Happy Anniversary, Mom & Dad

My mother and father were married during World War II.I could not have asked to be born to better people in the world.  You might not have been the best parents, but you were far, far, far from the worst.  You did the best you could.  I wasn’t an easy child to live with and train for the world, and for that I’m sorry.

Dad, you know how I feel.  I wrote a letter to you telling you just how much I loved and admired you before you passed away. I know Grandpa didn’t understand why I didn’t return home to take care of you after Mom died.  I’d like to think you understood, that you were proud I was serving my country, even after I left the Navy.

I’m sorry you didn’t get a chance to walk me down the aisle.  For years I felt the pain of never finding someone who loved me, but now it’s more a regret that you didn’t get to experience it.  Maybe you were right.  Maybe I was looking for someone “just like my old man” (as you put it).  That person just doesn’t exist.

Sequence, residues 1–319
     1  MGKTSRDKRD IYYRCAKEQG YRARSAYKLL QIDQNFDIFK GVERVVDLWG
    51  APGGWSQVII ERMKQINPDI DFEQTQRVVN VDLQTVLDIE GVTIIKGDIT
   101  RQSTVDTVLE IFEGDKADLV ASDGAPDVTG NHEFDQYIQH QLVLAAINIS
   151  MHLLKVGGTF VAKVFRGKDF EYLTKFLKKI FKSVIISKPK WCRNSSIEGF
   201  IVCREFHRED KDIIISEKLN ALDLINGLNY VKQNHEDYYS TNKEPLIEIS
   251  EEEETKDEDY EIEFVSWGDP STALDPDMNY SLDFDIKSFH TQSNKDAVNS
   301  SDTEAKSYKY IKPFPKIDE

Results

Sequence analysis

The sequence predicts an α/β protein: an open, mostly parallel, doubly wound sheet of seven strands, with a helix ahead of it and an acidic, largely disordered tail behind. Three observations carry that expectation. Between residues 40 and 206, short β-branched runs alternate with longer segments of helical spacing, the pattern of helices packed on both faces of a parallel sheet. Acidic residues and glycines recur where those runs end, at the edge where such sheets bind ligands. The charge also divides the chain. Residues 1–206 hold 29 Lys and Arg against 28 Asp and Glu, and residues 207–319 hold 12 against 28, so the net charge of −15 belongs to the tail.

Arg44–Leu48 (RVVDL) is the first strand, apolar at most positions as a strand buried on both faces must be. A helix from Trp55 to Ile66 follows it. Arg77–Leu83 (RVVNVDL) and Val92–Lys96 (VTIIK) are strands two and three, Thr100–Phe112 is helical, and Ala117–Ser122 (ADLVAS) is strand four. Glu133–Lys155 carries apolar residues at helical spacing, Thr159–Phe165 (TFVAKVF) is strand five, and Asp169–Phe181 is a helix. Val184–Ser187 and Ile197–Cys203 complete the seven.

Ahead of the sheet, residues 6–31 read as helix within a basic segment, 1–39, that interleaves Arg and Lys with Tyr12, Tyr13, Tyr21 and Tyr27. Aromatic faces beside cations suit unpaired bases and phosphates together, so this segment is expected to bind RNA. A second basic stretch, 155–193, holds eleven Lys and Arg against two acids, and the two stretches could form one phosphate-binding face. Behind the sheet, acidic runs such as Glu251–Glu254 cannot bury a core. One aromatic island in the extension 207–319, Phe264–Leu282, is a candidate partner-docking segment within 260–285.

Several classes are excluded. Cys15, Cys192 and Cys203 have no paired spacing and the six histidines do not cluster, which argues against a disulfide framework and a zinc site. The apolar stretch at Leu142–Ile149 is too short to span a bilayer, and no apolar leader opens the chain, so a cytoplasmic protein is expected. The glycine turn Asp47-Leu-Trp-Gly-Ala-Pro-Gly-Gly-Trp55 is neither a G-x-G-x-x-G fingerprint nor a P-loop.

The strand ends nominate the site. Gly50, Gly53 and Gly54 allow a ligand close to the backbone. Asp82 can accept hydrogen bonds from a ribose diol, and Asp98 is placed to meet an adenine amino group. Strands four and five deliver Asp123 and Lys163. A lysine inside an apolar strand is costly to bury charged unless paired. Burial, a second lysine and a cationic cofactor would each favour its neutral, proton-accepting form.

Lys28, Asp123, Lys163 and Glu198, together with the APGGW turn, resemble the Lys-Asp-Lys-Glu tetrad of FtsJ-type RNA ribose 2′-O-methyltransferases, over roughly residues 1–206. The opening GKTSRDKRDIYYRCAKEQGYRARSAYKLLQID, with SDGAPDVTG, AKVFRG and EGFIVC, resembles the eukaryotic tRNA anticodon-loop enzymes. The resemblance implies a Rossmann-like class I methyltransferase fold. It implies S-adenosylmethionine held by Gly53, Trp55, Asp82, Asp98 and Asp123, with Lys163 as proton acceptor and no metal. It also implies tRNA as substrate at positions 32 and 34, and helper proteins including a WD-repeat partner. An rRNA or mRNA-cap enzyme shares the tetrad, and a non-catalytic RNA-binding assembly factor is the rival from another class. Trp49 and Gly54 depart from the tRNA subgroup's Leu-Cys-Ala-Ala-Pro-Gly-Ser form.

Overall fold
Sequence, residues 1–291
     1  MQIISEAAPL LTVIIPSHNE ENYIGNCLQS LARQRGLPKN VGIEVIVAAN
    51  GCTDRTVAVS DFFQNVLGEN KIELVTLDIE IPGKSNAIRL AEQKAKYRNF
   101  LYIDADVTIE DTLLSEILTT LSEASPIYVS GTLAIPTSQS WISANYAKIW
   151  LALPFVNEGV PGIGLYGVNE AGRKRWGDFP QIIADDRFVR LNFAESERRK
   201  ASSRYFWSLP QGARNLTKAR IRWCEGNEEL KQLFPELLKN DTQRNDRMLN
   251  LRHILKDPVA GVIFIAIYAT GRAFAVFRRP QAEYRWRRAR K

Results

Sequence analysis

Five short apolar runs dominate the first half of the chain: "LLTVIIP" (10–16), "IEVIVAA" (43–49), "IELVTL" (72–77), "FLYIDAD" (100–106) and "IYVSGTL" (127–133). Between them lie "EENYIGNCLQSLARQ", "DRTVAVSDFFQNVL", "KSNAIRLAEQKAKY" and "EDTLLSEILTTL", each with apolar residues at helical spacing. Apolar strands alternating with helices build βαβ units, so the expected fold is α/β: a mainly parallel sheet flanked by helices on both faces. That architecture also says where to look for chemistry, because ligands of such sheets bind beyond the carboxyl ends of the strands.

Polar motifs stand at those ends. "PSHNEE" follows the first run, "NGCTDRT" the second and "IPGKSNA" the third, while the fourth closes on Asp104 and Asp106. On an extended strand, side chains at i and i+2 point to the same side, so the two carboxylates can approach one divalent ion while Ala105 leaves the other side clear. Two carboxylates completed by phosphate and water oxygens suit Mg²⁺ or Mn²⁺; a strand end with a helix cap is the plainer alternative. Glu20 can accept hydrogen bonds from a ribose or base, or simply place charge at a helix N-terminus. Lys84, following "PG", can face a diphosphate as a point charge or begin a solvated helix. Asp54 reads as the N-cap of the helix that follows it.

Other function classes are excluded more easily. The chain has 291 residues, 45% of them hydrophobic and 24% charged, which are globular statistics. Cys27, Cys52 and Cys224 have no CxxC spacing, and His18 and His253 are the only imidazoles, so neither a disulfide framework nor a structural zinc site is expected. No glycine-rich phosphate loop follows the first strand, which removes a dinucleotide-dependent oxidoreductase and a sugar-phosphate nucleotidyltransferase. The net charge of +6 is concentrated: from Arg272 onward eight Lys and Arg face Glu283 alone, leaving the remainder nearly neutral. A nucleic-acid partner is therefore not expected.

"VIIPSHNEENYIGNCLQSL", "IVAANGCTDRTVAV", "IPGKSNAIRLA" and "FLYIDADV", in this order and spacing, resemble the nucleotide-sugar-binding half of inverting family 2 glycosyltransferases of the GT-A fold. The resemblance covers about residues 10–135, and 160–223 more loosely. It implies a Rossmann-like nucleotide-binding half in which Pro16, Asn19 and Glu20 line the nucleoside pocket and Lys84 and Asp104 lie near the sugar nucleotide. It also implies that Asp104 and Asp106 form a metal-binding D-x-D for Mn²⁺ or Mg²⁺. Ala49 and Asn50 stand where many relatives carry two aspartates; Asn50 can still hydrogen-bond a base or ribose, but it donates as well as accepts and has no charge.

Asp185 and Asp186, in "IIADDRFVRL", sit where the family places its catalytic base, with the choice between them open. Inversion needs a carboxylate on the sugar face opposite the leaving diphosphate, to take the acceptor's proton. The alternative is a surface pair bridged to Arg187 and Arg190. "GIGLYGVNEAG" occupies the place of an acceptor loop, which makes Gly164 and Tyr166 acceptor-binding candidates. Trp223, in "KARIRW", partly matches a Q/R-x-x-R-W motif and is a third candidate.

Mom, you had a heart of pure gold.  You were the nicest, kindest person I ever met.  I mentioned this once to Margie’s sister-in-law; she said Margie had said the same thing.  (And you thought she didn’t approve of you!)  You left a legacy of good works in our little town, often behind the scenes and without glory. When Dad died, a woman came up to me at the reception and said, “You had such wonderful parents.”  And even though you’d been gone for several years, she added, “Including your mother.”

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